7. Tampa Bay Buccaneers 

Moon: Denzel Ward, CB, Ohio State

Ward was a backfield mate of Marshon Lattimore and consistently solid. Bucs haven’t gone DL at No. 1 in 5 years and want to remain elite up front but Ward projects as day-one starter.

JJ: Minkah Fitzpatrick, CB, Alabama

Fitzpatrick looks like the second-best defensive player in the draft, and the Bucs might be jumping for joy if he falls to them at No. 7. Fitzpatrick could be either a corner or a safety, but no matter where he is, he seems like a good bet to be great. 

8. Chicago Bears

Moon: Quenton Nelson, OL, Notre Dame

Too high to take a WR. OL coach Harry Hiestand developed Nelson, and protecting Mitch Trubisky is a franchise-grade mandate. Texas OT Connor Williams is the other option, with more experience on the edge.

JJ: Calvin Ridley, WR, Alabama

In going through the first seven picks here, I wouldn’t be surprised if the Bears traded out of this spot, since I agree with Moon that it’s probably too high to take a wide receiver. Perhaps Ryan Pace is able to trade up for the third consecutive year to snag Fitzpatrick or Nelson; or maybe he’ll look to trade down to add some more picks and still have a shot at landing Ridley, a corner (like Ohio State’s Denzel Ward), an outside linebacker (like Texas’ Malik Jefferson) or a tackle (like Notre Dame’s Mike McGlinchey, who played under OL coach Harry Hiestand in college) later in the first round. 

9. San Francisco 49ers

Moon: Roquan Smith, LB, Georgia

Pairing a force player with Reuben Foster immediately creates a defensive core, and Smith is a hedge against Foster injury issues. But Alabama WR Calvin Ridley may be too good to pass up as complement to QB Jimmy Garoppolo.

JJ: Courtland Sutton, WR, SMU

The lure of adding a go-to wide receiver to pair with Jimmy Garoppolo — who made a ragtag bunch of pass-catchers look pretty good after getting the 49ers’ starting nod in December — is too strong to pass up here. Sutton caught 62 passes for 1,085 yards with 12 touchdowns for SMU in 2017.

10. Oakland Raiders

Moon: Vita Vae, DT, Washington

Ridley would fit Raiders’ tradition for impact passing offense if he lasts this long, and Raiders very likely to go offense to muscle up for Jon Gruden’s program and support Derek Carr. But Gruden’s Oakland and Tampa Bay teams were stout on defense.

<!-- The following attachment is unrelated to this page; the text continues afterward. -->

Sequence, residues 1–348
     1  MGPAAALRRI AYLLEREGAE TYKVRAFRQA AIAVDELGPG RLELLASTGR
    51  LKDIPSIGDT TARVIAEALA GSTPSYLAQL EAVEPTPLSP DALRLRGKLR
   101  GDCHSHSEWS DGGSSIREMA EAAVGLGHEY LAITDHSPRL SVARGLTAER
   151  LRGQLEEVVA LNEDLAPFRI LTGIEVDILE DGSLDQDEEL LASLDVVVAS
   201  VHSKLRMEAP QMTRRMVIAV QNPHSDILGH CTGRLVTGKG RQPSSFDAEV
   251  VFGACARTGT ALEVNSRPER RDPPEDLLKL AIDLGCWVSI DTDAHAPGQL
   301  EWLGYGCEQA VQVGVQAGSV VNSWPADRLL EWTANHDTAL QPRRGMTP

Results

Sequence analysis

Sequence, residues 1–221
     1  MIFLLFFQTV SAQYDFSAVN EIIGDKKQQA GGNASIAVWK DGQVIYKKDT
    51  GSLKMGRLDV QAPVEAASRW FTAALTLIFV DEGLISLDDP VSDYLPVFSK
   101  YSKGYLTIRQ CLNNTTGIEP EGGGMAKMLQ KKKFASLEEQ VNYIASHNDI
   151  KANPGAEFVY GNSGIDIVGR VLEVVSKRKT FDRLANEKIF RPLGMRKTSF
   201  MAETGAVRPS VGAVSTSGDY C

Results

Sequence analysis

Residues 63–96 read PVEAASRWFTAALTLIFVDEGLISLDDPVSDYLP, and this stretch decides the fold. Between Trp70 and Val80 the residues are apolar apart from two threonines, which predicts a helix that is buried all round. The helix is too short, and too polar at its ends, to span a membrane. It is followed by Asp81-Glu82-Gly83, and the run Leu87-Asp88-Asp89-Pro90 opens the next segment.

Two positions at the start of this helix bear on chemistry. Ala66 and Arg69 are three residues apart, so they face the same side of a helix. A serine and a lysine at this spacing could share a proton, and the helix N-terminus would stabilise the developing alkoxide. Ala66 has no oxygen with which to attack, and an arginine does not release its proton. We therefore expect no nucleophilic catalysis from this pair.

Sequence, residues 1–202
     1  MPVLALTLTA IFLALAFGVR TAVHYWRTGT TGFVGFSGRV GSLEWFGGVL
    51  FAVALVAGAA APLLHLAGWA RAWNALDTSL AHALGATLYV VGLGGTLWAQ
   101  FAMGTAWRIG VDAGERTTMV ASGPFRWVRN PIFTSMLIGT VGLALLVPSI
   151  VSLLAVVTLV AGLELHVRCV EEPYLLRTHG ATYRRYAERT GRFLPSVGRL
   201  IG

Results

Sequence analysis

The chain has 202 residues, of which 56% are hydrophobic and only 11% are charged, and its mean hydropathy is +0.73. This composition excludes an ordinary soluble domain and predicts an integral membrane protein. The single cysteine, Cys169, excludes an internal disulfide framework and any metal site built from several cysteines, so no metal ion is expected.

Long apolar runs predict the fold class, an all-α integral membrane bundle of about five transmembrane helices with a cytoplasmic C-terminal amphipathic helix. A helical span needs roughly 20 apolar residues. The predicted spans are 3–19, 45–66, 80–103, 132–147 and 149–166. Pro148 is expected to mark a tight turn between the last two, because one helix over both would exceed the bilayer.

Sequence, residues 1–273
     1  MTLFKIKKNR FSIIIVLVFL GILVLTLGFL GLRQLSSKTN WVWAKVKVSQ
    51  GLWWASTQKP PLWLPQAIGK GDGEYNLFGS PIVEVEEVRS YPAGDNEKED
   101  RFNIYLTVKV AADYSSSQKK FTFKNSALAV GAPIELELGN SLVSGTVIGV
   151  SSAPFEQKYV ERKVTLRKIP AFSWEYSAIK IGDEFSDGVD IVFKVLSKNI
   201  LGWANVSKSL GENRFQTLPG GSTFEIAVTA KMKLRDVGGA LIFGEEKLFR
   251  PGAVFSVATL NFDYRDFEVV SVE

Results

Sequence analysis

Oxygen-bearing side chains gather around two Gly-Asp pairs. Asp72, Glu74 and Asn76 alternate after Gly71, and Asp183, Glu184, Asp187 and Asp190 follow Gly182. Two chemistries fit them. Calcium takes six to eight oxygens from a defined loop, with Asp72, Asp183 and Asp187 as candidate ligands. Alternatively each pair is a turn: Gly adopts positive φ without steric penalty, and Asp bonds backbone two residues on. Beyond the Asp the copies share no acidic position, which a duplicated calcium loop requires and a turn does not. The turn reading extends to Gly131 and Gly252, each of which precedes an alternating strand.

JJ: Roquan Smith, LB, Georgia

In Smith, the Raiders could see the rock of their defense for years to come under Jon Gruden. This may be a little high for an inside linebacker, though, and Ward could be an option here as well. 

Coaching rumor tracker: Bears will double-dip interviews with Vikings coordinators

Coaching rumor tracker: Bears will double-dip interviews with Vikings coordinators

Updated, Jan. 3 at 3:16 p.m.

Our coaching search rumor tracker moves past Black Monday and into a week where teams are permitted to interview assistant coaches from four playoff teams that have byes: The New England Patriots, Pittsburgh Steelers, Minnesota Vikings and Philadelphia Eagles. 

Chicago Bears

Chicago Bears defensive coordinator Vic Fangio

The Bears announced Fangio was interviewed by Ryan Pace on Wednesday. Here's why he could and couldn't be a fit for the opening

Minnesota Vikings defensive coordinator George Edwards

The Bears are the first team we've seen Edwards' connected to, and it's sort of surprising he hasn't been the subject of more rumors before Wednesday. He's been a defensive coordinator for three teams: Washington (2003), the Buffalo Bills (2011-2012) and Minnesota Vikings (2014-present). The Vikings finished the 2017 season ranked No. 2 in defensive DVOA and have steadily improved (from 23 to 14 to 8 to 2) since Mike Zimmer hired him four years ago. The soon-to-be 51-year-old former All-ACC linebacker is the second defensive coach the Bears reportedly have requested to interview. 

Kansas City Chiefs offensive coordinator Matt Nagy